John Divola’s Terminus is a realistic yet sci-fi documentation of an abandoned air force housing complex positioned in the South-West of the Mojave Desert (California). Decommissioned in December 1992, post-Cold War, the houses lacked the amenities and the size nowadays considered standard in the private sector. Indeed, the armed services had failed to ensure adequate funding for maintenance, repair and replacement, turning once-new homes into poorly maintained, low-quality housing by the mid-1980s.
Divola has been engaging with this housing complex since 2015, inhabiting it and turning it into another airsoft game setting. The book’s pages serve the purpose of this journey through the labyrinthic building, effectively keeping trace of Divola’s passage and interaction with the de-contextualized place.
The viewer is left without any reference point but spray-paint signs that repetitively appear. The witness is lens of a cinematographic and eye that insistingly search for something, maybe a terminus, a breaking point from where to escape or disappear into the decaying matter. Like the photographer Thomas from Antonioni’s Blow-Up movie, Divola reaches the depths of photographic images obtaining abstractions that open up to a parallel reality although revealing the nullity of reality itself. Realism and sci-fi merge, and the spray-paint symbols open many possible narratives. Although reminding police forensic technical data, they also recall the most popular and absurd speculations on extraterrestrial messages.
Divola has long held a fascination for abandoned places to do his non-conventional. There are echoes of abstract expressionism and elements of his previous projects (Zuma Series, 1977-1978 and Vandalism series, 1974-1975), although the symbols are less expressive and more obsessive.
Terminus is an archive, a record of the artist’s interventions aimed to activate places in decay. One could see Divola’s photographs to his site-specific gestures as a triumph of the modernist aesthetic. Indeed, they are descriptive, straight and true recordings of surfaces of illusion. However, there is more inscribed in the essentialist black and white style. Entering the realm of postmodernist logic, the traces, repeated as simulacra of an alternate reality, Divola’s archive stands as a commentary on photography own status as objective representation and record. What results is a fragmented and subjective meta-narrative in which the scenes are exactly framed from the author’s point of view, as a subjective realist cinema frames. What emerges from Terminus could be explained through Mario Perniola’s postmodern thought on the rejection of the difference between the human and the technological gaze. Indeed, the postmodernist aesthetic pertains to the imitation between the real and the artificial, or even between life and death (an end, a terminus). Humans and things are similar, equal, and the inorganic world seems to be taking over the human role in the perception of events. Suspended in a state of indeterminacy, Terminus may suggest a sense of finality in its naming. However, the artificial symbols of human presence cannot escape their nature of simulacra resulting from a mimesis with(out) an end. Because of their infinitely mutability, they become meaningless meanings witnessed and decoded by the subjectivity of a lens without an author.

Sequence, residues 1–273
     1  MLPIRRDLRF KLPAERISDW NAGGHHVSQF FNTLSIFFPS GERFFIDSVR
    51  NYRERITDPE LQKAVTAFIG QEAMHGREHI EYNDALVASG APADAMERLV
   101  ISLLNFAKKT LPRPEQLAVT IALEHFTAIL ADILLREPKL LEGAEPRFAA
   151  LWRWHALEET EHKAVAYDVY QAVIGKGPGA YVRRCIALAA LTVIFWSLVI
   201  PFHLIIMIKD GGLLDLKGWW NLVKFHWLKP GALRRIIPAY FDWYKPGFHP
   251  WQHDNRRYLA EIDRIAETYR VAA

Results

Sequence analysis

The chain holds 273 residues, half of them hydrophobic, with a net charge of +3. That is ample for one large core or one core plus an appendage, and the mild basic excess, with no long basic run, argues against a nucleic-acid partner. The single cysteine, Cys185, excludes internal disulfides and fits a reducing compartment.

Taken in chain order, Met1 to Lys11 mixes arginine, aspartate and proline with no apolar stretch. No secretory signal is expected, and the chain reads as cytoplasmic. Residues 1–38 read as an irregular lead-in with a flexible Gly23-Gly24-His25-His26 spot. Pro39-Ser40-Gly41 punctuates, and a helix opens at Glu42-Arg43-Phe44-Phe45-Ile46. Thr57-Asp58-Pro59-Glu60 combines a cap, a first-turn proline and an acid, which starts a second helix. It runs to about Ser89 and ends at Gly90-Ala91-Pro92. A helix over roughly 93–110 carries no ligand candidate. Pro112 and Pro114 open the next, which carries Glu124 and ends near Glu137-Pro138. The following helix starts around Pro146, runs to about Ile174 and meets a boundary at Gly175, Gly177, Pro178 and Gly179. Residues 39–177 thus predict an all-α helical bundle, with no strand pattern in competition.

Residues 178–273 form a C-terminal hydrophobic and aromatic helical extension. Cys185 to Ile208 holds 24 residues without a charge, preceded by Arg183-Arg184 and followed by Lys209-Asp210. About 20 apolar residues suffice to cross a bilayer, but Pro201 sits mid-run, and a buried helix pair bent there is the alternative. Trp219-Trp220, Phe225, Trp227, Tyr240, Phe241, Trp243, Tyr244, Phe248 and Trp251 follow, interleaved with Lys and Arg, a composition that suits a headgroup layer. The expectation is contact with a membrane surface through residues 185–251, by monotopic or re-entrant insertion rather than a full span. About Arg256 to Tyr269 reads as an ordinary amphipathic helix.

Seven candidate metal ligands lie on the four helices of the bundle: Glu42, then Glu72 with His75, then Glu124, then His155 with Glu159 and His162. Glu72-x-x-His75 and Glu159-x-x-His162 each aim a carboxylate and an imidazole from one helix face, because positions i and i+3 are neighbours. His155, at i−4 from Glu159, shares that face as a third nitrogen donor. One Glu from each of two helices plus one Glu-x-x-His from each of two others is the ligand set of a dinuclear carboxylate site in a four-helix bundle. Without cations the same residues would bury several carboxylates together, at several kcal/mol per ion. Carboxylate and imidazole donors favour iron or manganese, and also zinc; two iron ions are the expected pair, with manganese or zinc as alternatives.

Although the physical subjects that John Divola photographs range from buildings to landscapes to objects in the studio, his concerns are conceptual: they challenge the boundaries between fiction and reality, as well as the limitations of art to describe life. John Divola is from Southern California, and his imagery often reflects that locale by including urban Los Angeles or the nearby ocean, mountains, and desert.
Divola grew up in the San Fernando Valley, which he credits as having an impact on his development as an artist. He earned a BA from California State University, Northridge in 1971 and an MA from University of California, Los Angeles in 1973. In college, the new art movements that inspired him–Minimalism, Conceptualism, and Earthworks–were often not easily accessible, but encountered through photographic documentation. “I came to the conclusion that [photography] was the primary arena of contemporary art,” Divola has said, “and that all painting and sculpture and performance was, from a practical point of view, made to be photographed, to be re-contextualized, and talked or written about.” After earning an MFA from the University of California, Los Angeles in 1974, Divola developed his own combination of performance art, sculpture, and installation, with photography at its conceptual core.